Most likely it was the least expensive approach to growing consumer boycott’s of containers using BPA. One of the studies goes so far as to admit – “. . . products labeled ‘BPA-free’, such as baby bottles, are not as free of health risks as consumer might expect.” What’s there to worry about ? Researchers found that BPS, just like BPA, can boost heart rates and spur irregular heartbeats in female rats. Heart cells in male rats block certain estrogen signals – it’s known if that would hold true with humans. A pharmacologist involved in the heart study commented that the two chemicals “are nearly indistinguishable, if not identical”, in their effects.
A separate study found that BPS, just like BPA, can alter brain development and behavior in zebrafish. Embryonic fish exposed to levels of BPS similar to the low levels of BPA found in nearby waterways were hyperactive and zooming around their tanks in circles. BPA exposure in humans has been linked to behavioral changes that include hyperactivity.
Previous reports had already reported the same estrogen mimicking effects with BPS as with BPA in both humans and other animals. Three years ago Mercola.com published warnings about BPS in an article posted online (see Information Resources at the end of this blog). While the potential human health hazards of BPS’s estrogen-mimicking effects remain unknown – BPA has been linked to obesity, cardiovascular disease, cancer, infertility, neurological problems and asthma. And there is more troubling news – even though the Food and Drug Administration banned the use of BPA in baby bottles in 2012, there are few other restrictions on its use in the United States and the use of BPS is not restricted at all at this time.
Without naming BPS, the Environmental Defense Fund notes on its “Four Reasons ‘BPA-free’ won’t protect you” page – “When BPA is removed, it’s often replaced with a similarly dangerous chemical. This is known as ‘regrettable substitution’, and there’s no one charged with ensuring replacements are any safer.” And the EDF goes on to note – “Regrettable substitution is a problem not just for BPA, but thousands of chemicals.” because “. . . the Toxic Substances Control Act, is nearly 40 years old and ineffective. Unlike prescription drugs, companies can sell and use chemicals without showing they’re safe.” You can sign a petition about that at the link for the EDF in the Information Resources section at the end of this blog.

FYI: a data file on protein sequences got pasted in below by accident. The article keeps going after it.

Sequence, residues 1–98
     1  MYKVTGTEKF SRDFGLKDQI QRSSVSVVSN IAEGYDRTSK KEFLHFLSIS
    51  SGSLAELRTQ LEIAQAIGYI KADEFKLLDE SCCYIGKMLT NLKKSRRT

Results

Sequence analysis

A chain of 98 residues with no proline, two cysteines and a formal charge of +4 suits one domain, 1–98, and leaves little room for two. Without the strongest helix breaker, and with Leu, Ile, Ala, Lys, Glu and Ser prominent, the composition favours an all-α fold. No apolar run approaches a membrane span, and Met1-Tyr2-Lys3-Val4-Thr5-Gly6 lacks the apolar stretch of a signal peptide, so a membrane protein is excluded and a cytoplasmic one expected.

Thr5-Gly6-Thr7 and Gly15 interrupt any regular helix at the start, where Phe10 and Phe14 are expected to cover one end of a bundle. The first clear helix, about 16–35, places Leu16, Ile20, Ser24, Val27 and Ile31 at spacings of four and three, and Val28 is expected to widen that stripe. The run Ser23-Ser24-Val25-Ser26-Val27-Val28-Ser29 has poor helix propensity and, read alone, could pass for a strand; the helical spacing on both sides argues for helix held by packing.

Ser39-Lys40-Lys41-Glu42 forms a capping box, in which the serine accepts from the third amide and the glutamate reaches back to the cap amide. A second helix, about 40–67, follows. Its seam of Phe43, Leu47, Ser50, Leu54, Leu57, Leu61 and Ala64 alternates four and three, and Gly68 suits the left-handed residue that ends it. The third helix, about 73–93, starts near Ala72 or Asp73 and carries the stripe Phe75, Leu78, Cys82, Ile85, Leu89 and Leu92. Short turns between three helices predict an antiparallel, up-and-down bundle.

Dr Mercola suggested – “If you’re interested in avoiding any number of chemical toxins leaching into your food and beverages, choose glass over plastic, especially when it comes to products that will come into contact with food or beverages, or those intended for pregnant women, infants and children. This applies to canned goods as well, which are a major source of BPA (and possibly other chemicals) exposure, so whenever you can, choose jarred goods over canned goods, or opt for fresh instead. Another good idea is to ditch plastic teething toys for your little ones and choose natural wood or fabric varieties instead.”
Another possibility is to buy as much as you can in aseptic packaging. Tetra Pak offers a diagram of their package materials, very simple like “basic ingredients” – polyethylene, aluminum and paperboard.
Dr Mercola did admit – “To be fair, you probably can no longer completely eliminate your exposure to BPA, BPS and similar toxins (since they’re likely in our air, water, and food, too) but you can certainly reduce your exposure dramatically by making informed choices like those described above.” Remember – back in 2012, 81% of those tested were already “positive” for the presence of both BPA and BPS – sadly.
~ Information Resources
“Doubts grow over BPA replacement – Bisphenol S poses the same health risks, researchers suggest” by Beth Mole posted March 9, 2015 at ScienceNews.org – https://www.sciencenews.org/article/replacement-toxic-chemical-plastics-receipts-may-be-just-toxic?mode=topic&context=65
“What Happened to Good Intentions ?” by Deborah Hart Yemm posted Feb 2, 2015 at What’s New in Eco-Materials – Exploring the Complexities of Environmental Choices – http://wp.me/p3XHLm-bS